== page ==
Academic journal article Air Power History

Testing the Military Flyer at Fort Myer, 1908-1909

Academic journal article Air Power History

Testing the Military Flyer at Fort Myer, 1908-1909

Article excerpt

Following their successful flights in 1903 at Kitty Hawk, North Carolina, the Wright brothers found an area near Dayton where they could continue their experimentation and development closer to their home. By the end of 1904, they began to think that their machines might have practical applications and began to make attempts to sell their machines and their knowledge. Nothing came of these attempts, and they continued experimenting for another year. However, because they did not yet have a patent to protect them, they had decided not to fly exhibitions or demonstrations. Thus, in late 1905, they put their machines away, not to fly again until 1908, and began to search seriously for buyers. Even after the patent was granted in 1906, they preferred not to fly publicly lest others see and use their unique wing-warping control system.

In December 1907, the U.S. Army issued Signal Corps Specification Number 486, an advertisement for a heavier-than-air flying machine. The aircraft had to be supported entirely by the dynamic reaction with the atmosphere and had to be sufficiently simple for an intelligent person to learn its operation in a reasonable amount of time. The machine had to carry two people, remain in the air for an hour, carry sufficient fuel to fly 125 miles, and had to average 40 miles an hour in a speed test. It was also desirable that the machine could be transported on Army wagons. (1)

Successful in their response to this advertisement, the Wright Brothers signed a contract with the federal government in February 1908 that required delivery of a flying machine to Fort Myer, Virginia, within 200 days. Following delivery, they had an additional 30 days to demonstrate that the machine complied with all specifications. At about the same time, they signed another contract to provide aircraft to the French. (2)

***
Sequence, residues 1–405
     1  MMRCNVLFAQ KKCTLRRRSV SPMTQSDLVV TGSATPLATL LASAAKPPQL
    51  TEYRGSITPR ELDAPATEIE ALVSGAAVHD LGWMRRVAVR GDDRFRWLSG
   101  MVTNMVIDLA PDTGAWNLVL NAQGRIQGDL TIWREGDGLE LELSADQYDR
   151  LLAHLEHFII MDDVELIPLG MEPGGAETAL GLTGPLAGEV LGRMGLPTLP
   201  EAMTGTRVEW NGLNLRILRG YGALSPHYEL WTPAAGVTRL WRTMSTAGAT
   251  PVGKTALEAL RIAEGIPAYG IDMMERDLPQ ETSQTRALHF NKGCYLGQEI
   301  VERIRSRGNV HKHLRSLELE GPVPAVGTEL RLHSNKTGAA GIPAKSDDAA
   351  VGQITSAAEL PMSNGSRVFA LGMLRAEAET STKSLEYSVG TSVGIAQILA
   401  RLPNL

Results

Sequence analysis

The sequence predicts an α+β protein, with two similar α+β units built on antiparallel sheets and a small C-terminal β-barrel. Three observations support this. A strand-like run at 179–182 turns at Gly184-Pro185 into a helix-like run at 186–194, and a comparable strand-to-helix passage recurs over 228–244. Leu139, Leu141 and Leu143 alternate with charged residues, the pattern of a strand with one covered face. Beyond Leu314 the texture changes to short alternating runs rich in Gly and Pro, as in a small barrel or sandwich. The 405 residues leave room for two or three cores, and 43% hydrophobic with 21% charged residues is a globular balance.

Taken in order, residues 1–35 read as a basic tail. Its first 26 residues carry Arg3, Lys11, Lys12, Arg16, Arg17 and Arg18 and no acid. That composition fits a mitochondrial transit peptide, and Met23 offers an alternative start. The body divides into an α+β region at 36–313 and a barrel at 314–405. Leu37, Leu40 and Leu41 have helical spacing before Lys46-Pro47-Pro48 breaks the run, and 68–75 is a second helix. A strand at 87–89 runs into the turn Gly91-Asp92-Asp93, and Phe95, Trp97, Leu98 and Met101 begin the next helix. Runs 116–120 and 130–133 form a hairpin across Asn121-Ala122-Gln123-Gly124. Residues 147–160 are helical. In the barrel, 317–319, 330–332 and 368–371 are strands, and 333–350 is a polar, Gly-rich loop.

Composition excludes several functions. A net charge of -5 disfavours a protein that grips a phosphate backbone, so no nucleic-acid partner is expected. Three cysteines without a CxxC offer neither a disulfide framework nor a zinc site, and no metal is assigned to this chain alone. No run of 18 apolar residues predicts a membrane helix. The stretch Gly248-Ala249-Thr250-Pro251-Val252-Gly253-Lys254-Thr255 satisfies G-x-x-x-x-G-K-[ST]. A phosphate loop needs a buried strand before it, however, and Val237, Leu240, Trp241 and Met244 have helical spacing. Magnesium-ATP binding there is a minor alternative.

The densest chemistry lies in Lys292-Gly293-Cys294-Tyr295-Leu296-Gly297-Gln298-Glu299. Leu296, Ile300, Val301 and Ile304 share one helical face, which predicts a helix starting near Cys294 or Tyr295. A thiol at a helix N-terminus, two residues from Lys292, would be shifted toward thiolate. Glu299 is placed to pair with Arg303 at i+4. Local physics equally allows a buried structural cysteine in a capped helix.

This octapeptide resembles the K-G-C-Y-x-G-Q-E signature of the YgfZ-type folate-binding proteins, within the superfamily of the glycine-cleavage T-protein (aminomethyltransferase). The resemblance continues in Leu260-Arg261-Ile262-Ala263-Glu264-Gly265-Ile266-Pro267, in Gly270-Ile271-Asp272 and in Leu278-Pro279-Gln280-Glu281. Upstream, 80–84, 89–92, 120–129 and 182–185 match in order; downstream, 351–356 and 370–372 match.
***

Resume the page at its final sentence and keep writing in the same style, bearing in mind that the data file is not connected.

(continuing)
The Wrights' previous machines carried only a single person, who lay prone in a cradle that moved side-to-side on the lower wing. Cables connected the cradle to the wings, and by moving the cradle, the pilot changed the shape of the wings, allowing him to control the flight. This was natural and instinctive -- the pilot moved on the wing in the direction he wanted to turn. The machine built for the Army carried two people, who sat upright on the lower wing, and the controls were moved to three levers placed alongside the seat, one on the pilot's left and two on the right. The lever on the left moved the front horizontal surfaces, controlling vertical movement, while the two on right controlled the wing warping and the rear rudder with a forward and back movement that was much less instinctive than the cradle. The Wrights also added a single fixed vertical surface between the two front horizontal surfaces to increase stability

Wilbur and Orville returned to North Carolina in April 1908 to gain experience with the new control system. Despite mechanical problems and bad weather, they managed to make a few flights, including their first with a passenger. On May 17, Wilbur left Kitty Hawk for Europe to perform demonstration flights for the French contract. Orville returned to Dayton, stopping first in Washington to inspect the Fort Myer parade ground, where the flying tests for the Army would be made. (3)

Fort Myer today is a small, crescent-shaped area west of Arlington National Cemetery, which is directly across the Potomac River from the Lincoln Memorial in Washington, D.C. Many of the older buildings on Fort Myer were built between 1895 and 1908 and appear in photographs taken during the tests in 1908 and 1909. The large building in the background of some of the photographs was then the Fort Myer hospital, but is now the post headquarters. A low stone wall that still separates the cemetery and Fort Myer on the west side of the cemetery can also be seen in photographs taken of the tests.

The cemetery and the fort are both on land that originally was part of the Custis estate, the home of George Washington Parke Custis, grandson of George Washington. …

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